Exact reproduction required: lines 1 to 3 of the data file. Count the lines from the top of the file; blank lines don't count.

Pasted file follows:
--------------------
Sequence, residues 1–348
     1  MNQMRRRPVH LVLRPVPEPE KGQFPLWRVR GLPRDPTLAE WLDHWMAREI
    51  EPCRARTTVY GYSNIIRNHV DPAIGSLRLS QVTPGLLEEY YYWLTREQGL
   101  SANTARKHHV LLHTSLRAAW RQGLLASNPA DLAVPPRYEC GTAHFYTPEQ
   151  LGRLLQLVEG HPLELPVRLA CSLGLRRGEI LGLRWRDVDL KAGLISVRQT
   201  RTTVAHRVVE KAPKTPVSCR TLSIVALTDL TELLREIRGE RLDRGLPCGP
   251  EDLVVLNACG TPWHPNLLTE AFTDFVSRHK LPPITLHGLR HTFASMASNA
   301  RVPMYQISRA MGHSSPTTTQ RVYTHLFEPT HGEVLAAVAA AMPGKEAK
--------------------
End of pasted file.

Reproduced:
Sequence, residues 1–348
     1  MNQMRRRPVH LVLRPVPEPE KGQFPLWRVR GLPRDPTLAE WLDHWMAREI
    51  EPCRARTTVY GYSNIIRNHV DPAIGSLRLS QVTPGLLEEY YYWLTREQGL